According to France 24, by September 20 the regime had closed down 1269 not-for-profit organisations this year, bringing the total to 1868 since the revolt of April 2018 (more than 31% of the total).

The list even includes Sandinista organisations such as the Association of Retired Fighters of the Sandinista People’s Army.

The regime has closed 50 media outlets, including the country’s longest-running daily, La Prensa, whose staff have fled the country.

At the same time, the elimination of real political opposition was finalised at the November 6 municipal elections, in which the FSLN alliance won all 153 of the country’s mayoralties, up from the 135 it won in 2017.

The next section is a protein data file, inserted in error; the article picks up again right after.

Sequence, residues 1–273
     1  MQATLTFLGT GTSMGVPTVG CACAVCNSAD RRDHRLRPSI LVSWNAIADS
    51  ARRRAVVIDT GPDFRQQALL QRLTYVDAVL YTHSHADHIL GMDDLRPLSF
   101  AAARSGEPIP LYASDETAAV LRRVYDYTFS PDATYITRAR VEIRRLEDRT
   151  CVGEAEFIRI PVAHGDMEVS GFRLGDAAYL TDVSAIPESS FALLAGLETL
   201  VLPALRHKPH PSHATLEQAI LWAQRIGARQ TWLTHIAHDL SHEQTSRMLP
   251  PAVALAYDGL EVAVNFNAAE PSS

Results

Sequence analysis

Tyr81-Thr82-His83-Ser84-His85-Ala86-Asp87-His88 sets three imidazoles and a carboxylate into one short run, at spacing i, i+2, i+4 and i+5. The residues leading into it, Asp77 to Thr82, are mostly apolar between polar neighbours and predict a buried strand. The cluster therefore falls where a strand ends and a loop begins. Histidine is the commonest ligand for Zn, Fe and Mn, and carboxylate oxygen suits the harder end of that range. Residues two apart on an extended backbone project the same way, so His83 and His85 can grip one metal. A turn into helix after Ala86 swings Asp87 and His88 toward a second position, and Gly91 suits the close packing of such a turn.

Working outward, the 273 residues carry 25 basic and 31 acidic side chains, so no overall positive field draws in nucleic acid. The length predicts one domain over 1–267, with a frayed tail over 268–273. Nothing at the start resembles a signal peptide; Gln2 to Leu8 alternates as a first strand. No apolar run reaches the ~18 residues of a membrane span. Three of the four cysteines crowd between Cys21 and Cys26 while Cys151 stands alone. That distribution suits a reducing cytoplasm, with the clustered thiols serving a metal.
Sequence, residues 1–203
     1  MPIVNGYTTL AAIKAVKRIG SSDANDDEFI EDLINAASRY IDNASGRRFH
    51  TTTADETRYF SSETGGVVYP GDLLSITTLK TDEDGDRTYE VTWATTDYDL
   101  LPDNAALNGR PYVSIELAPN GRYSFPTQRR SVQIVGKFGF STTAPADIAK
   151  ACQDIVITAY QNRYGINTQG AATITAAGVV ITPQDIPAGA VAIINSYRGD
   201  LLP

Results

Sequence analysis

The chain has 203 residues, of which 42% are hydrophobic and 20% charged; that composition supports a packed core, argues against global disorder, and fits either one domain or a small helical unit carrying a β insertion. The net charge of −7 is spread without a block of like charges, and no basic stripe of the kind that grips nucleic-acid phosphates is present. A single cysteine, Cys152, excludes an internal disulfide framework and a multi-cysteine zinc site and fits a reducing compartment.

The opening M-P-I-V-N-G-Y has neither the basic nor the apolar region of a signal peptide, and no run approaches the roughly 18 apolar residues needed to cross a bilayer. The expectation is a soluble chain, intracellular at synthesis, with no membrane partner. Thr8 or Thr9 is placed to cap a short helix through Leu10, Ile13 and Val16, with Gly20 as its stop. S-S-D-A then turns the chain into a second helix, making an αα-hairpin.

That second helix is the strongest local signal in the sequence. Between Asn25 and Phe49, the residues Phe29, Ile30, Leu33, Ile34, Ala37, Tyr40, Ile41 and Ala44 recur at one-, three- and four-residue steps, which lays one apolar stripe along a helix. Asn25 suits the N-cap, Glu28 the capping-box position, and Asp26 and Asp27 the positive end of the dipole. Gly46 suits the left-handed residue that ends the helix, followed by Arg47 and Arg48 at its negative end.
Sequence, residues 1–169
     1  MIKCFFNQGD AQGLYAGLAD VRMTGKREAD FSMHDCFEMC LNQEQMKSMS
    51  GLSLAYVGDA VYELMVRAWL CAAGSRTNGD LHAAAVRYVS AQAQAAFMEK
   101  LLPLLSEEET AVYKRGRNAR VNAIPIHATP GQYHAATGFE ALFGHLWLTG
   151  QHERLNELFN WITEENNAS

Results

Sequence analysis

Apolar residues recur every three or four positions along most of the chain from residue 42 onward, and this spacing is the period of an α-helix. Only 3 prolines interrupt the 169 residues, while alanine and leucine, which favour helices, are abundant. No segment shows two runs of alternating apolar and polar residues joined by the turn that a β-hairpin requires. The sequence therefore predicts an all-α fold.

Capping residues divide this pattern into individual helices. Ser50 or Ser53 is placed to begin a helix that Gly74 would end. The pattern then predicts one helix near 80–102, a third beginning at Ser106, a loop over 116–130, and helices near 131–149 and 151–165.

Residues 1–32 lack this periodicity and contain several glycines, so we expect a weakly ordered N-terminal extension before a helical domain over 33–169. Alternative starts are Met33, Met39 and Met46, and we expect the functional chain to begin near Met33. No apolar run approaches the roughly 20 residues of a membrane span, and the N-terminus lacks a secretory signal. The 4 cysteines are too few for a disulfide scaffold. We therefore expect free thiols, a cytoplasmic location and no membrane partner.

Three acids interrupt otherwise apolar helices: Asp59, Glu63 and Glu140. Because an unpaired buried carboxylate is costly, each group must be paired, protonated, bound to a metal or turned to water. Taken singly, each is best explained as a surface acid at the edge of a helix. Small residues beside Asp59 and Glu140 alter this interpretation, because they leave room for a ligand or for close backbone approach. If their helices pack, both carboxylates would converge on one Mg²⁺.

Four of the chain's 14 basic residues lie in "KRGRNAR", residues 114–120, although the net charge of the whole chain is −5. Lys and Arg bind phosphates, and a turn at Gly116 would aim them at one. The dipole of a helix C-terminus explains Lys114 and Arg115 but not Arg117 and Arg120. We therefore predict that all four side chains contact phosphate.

Ortega commented on the result: “The people voted thinking of the well-being of their family, and not thinking about political parties, in that they are convinced that the political party to which they belonged had done nothing and that there was no other way forward than to continue voting for the Sandinista Front.”

Ligia Gómez, the former head of research and FSLN leader at the Bank of Nicaragua, who left the party in protest at the repression of the 2018 protests and is now spokesperson for the election monitoring group Open Ballot Boxes, had a different take.

Citing the platform’s estimate of an 82.7% abstention rate, she said: “The election is part of the process of imposing a totalitarian state by Rosario Murillo and Daniel Ortega. The complete absence of democratic guarantees, the presence of political prisoners and the level of official violence has allowed the establishment of monopoly control in all the municipalities in the country.”

[Dick Nichols is Green Left’s European correspondent, based in Barcelona.]